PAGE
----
CNBC Again Shows Its Bias, Promotes Recession Scare, As Yellen Says Better Economy Means Rate Hike OK

Without disclosing in any way that its frequent economics commentator Larry Kudlow is an outspoken partisan supporting the candidacy of Donald Trump--who has repeatedly said the U.S. economy is headed for a serious recession--CNBC put him on air for an hour on May 27, during and after Federal reserve Chair Janet Yellen's much anticipated comments on a summer quarter-point interest rate increase at Harvard, to both trumpet his own prediction of an impending recession and, on that premise, immediately trash Yellen's view that a gradual and cautious rate increase "in the coming months, would probably be appropriate."

Predictably, the bond market and the Dow Jones average both fell quickly on CNBC's one-sided call, bringing quick profits to short hedge funds using high frequency trading to move quickly in and out of the market. I watched as another CNBC commentator, the Tea Party's Rick Santelli (who, as usual, shouted down the one guest who dared disagree with him), jumped on the "recession-is-coming-thanks-to-the-Fed's-mistake" bandwagon. Steve Leisman (who, as usual, tried to deliver a more factually balanced read of both the economy and the Fed's potential summer policy move) was given some air time, but CNBC's co-moderators--Fed-haters Melissa Lee and Brian Sullivan--stepped in to push their own bias by echoing both Kudlow's and Santelli's take on the economy and the Fed's supposed fecklessness. The Friday stock market quickly recovered--it has seen this CNBC game before--but by then some quick intra-day profits were made on those who took CNBC's scare scenario without a grain of salt.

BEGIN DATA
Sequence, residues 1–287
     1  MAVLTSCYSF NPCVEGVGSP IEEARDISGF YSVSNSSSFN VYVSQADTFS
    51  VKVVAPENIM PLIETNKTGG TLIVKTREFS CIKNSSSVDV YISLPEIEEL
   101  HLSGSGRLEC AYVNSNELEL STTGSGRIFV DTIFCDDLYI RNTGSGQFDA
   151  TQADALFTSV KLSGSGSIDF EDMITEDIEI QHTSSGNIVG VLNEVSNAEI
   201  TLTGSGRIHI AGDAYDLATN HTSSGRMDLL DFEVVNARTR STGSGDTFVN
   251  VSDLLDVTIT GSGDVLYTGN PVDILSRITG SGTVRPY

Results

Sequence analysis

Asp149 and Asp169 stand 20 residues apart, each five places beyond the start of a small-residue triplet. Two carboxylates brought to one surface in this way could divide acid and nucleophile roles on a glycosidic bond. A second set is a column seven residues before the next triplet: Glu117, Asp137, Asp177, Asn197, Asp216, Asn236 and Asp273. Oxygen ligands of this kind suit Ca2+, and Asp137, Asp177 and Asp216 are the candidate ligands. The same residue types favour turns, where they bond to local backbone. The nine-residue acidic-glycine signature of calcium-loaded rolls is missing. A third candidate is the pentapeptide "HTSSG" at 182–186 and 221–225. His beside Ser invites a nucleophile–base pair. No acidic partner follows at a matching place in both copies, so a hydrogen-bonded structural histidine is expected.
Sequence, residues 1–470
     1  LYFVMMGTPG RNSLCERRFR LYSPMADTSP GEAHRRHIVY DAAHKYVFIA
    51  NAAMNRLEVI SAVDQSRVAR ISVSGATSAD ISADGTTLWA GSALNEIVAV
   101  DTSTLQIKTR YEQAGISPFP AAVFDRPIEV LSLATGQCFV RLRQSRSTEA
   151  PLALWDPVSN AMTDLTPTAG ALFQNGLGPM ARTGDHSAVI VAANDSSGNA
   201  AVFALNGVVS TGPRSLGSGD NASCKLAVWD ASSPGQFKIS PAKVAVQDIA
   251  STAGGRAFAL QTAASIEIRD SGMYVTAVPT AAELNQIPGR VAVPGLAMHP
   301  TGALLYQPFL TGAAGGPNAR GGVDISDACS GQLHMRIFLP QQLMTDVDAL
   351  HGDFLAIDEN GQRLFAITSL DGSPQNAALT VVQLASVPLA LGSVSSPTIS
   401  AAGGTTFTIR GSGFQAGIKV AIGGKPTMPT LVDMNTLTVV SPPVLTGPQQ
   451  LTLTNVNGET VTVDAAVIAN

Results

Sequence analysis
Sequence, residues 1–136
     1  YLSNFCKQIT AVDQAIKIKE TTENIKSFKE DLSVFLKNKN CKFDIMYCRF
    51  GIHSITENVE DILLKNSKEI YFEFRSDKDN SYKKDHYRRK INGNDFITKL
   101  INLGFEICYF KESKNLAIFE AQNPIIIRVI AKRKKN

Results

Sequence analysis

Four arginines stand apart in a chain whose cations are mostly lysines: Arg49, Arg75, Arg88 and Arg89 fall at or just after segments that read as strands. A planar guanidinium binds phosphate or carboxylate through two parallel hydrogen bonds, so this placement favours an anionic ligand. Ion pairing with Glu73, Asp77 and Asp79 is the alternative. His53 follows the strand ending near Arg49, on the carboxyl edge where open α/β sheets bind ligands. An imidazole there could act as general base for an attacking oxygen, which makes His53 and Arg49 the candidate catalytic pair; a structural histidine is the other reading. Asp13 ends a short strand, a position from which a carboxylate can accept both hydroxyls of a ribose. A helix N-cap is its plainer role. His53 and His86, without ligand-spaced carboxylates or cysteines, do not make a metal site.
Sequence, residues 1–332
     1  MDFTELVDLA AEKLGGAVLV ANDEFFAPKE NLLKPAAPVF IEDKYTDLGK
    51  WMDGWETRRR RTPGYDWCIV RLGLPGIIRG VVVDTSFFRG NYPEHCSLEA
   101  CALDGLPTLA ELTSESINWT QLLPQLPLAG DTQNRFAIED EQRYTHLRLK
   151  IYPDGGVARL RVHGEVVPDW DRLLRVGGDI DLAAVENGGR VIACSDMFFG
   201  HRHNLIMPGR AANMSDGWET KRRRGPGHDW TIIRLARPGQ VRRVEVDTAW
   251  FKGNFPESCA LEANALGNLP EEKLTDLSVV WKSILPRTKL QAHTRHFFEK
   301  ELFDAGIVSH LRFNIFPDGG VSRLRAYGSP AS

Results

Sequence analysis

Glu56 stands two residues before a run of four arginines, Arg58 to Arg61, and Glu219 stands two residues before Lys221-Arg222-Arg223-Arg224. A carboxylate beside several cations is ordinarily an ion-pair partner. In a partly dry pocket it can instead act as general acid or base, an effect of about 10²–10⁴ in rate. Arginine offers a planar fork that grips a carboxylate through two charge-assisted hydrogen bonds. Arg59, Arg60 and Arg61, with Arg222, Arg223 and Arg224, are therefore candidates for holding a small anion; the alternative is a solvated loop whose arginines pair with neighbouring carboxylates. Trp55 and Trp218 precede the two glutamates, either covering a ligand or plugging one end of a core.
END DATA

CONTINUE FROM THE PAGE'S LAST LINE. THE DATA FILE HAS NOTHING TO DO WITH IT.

All in all, just another day at the office for CNBC, the Fox News of the economy. The network knows where Kudlow and Santelli stand on the Fed, on the economy and on politics, yet it chose to book them to surround Yellen's remarks and allowed others who disagreed with their dire predictions of market and economic doom to be shouted down or cut off. It had been playing this "talk-the-market-down" game in the days leading up to the Yellen statement with guests like Jeffrey Gundlach, who phoned in to describe the incipient stock rally as a "dead money" short squeeze! This is the CNBC pattern whenever the market threatens to approach or exceed its previous high-water marks, which is an important market-testing benchmark for certain kinds of hedge fund trading strategies.

The Fed's interest rate policy intentions (and gyrations) have been well telegraphed by a number of Reserve Board speakers--a major topic on the network since the start of the year, when the Fed's December 2015 policy projection for 2016 sparked a deep market selloff that did not turn around until February 11 (when JP Morgan CEO Jamie Dimon, ostentatiously, personally bought $25 millions' worth of his own bank's stock).

Like other media outlets favorable to the Trump candidacy, such as Rupert Murdoch's Wall Street Journal, CNBC emphasized that the Fed continued to project four rate increases in 2016 (a policy the stock and bond market was bound to consider excessive given widely accepted--and ultimately correct--predictions of sub-1 percent GDP growth in the first quarter of the year due to international financial conditions). But CNBC did not make clear that the basis for that conclusion included the projection of seven non-voting participants in the Fed's rate-setting body, and not simply the ten voting members.